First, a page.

PORTLAND, Maine — The Portland School Department’s new central kitchen is set to open this fall, in time for the first day of school. Food Service Director Ron Adams said the new kitchen will allow the department to better prepare and build on its already large program to serve locally sourced, fresh food.
“This updates equipment that is 30 years old and lets us serve better quality food in a safe environment,” Adams said.
A majority of city schools’ food is made at the central kitchen, which serves 10 schools and makes more than 1 million meals per year, according to the Portland School Department.
While the new kitchen was purchased with a $3 million bond approved by the City Council in 2010, Adams said the final price tag on the project will end up being $3.2 million. The city will help pay the total amount by drawing from other reserve accounts.
The facility at 92 Waldron Way, off Riverside Street, will replace the dilapidated Reed School kitchen on Homestead Avenue.
The converted, former elementary school has many awkward features, including a cooler that was adapted from the gymnasium and former classrooms re-purposed to cook large quantities of food.
Adams said the new, 21,250-square-foot building solves some of the space issues of the old building and is better designed to handle food preparation.
The food service department will bring over equipment from the old kitchen, and the old Reed School will then go into the surplus process with the city, he said.
“We’re taking anything that still has a viable life to it and trading in for some equipment that we did not get through the bond,” Adams said.
In late 2011, the Portland School Board struggled to determine the future of the aging Reed School kitchen. The board contemplated renovating it and building a new kitchen, but ultimately, the decision was to purchase a Riverside Street property for $3.9 million and renovate the available space to accommodate the kitchen.
But in early 2012, before the city could close on the purchase, the owner pulled the building off the market, forcing the city to look for other options, Adams said.
Instead, the city was able to buy the Waldron Way property as the site of the new central kitchen last fall, he said. The purchase included some of the food processing equipment inside.
Previously home to Portland Shellfish Co., a seafood processor, the company was shut down by the U.S. Food and Drug Administration in January 2011 after it found “significant deviations” from federal food handling laws and health regulations. The FDA found serious health risks including listeria, a bacteria that can cause deadly infections.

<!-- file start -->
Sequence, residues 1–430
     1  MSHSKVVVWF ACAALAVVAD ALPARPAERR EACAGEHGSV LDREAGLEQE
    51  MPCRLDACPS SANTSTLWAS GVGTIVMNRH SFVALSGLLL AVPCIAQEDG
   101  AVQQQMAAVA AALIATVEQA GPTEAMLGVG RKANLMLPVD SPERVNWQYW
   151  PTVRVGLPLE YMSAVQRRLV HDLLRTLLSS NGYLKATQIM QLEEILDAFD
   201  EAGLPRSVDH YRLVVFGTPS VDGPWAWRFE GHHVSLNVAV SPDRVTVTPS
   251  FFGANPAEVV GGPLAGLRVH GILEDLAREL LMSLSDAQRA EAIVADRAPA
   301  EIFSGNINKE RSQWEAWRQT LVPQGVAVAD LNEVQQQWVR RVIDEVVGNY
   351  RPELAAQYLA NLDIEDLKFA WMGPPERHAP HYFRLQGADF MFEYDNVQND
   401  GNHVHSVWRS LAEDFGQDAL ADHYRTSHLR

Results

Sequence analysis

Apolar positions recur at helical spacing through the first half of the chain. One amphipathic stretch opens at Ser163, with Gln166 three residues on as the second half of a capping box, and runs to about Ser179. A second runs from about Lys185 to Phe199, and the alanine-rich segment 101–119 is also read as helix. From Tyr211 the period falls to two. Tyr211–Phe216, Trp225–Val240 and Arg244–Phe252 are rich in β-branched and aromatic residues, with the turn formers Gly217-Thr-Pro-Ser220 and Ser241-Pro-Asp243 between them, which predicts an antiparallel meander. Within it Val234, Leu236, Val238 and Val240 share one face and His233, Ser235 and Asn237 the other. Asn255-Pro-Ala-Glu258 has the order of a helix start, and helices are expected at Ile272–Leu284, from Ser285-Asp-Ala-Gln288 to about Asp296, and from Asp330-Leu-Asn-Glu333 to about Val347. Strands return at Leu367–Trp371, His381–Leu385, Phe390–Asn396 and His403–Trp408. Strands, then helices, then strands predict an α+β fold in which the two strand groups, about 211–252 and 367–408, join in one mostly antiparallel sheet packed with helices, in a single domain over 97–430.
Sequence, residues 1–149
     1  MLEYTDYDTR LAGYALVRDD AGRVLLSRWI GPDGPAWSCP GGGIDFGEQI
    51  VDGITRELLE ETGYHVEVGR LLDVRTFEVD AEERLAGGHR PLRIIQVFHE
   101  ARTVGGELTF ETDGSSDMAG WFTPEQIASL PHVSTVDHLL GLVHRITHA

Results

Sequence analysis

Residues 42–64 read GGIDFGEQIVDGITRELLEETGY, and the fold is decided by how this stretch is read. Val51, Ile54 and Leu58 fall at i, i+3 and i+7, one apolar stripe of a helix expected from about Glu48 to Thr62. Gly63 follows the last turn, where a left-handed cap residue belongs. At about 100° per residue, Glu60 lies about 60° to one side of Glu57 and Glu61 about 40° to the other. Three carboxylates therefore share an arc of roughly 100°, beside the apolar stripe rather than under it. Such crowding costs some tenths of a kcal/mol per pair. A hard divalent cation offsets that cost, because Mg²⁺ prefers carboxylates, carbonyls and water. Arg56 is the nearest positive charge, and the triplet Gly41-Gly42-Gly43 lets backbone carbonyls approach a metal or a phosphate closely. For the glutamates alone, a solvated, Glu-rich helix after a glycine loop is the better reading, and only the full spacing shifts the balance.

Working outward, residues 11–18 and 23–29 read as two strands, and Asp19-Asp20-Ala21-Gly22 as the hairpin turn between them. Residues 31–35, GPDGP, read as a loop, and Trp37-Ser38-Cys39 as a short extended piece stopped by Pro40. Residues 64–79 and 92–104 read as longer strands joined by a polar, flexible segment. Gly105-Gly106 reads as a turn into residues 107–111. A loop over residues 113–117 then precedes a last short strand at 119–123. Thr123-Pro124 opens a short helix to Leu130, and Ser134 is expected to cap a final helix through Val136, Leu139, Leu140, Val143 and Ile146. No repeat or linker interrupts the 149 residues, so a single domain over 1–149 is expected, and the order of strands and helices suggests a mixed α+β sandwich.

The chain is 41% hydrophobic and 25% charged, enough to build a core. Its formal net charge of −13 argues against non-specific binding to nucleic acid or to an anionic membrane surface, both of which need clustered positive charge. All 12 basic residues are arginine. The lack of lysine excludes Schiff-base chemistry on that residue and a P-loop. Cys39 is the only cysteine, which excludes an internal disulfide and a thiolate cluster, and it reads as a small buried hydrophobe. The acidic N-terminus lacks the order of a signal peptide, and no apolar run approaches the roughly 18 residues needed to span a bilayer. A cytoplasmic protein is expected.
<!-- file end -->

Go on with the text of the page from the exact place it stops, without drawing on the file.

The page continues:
Facilities Director Doug Sherwood said the department conducted health inspections of the building prior to the purchase and “found no detectable levels of listeria or the shellfish allergen.”
Most of the listeria was contained in the processing equipment and removed with the purchase, Sherwood said. In addition, the department also replaced the flooring and drainage systems, he said.
The old central kitchen failed its last available health inspection Dec. 11, 2011. Portland Health Inspector Michelle Sturgeon cited the kitchen for 16 violations, including five critical violations that indicated a risk of spreading foodborne illness.
Sturgeon cited the facility for inadequate food temperatures, employees not washing their hands, zero soap at one hand-washing sink and wood-cutting tables in disrepair, among other violations.
Adams said the new kitchen is better suited for food production.
With the new facility, food will transported cold and then reheated at the schools. Previously, food was sent out warm and held in electric warming boxes, providing more of an opportunity for food to drop below safe temperatures.
Adams said the new kitchen will also help expand the local foods program which currently serves about two or three regionally sourced food items in every meal. That’s the yearly equivalent of “three truckloads of produce in the same day,” Adams said.
“That’s an astronomical number for an urban school,” he added, noting that about 3 percent of the food budget is spent within 100 miles of Portland. “Purchasing local produce, meats and fish really starts to make a game change in the farm economy. … The new facility will be able to enhance those numbers.”
Eventually, the new kitchen will also help facilitate the Summer Meals Program, which the Portland School Department expanded this year to include 16 locations, up from 12, Adams said.
The program will feature new sites including at the Deering Oaks playground.
The meals are available to any person under the age of 18, yet Adams said the program is drastically under-used, with only about 20 percent of 3,700 eligible clients participating.
“Nationwide participation is 60 percent,” he said. “We would love to see improvement and get through the summer and get up to 35 percent.”
Adams said the meals program can also act as a supplement to food pantries, which often see a spike in customers during the summer.
Families and children can find meal sites by calling 2-1-1 or texting “MEALS4ME” to 877-877. The program is federally funded and administered by the Department of Education.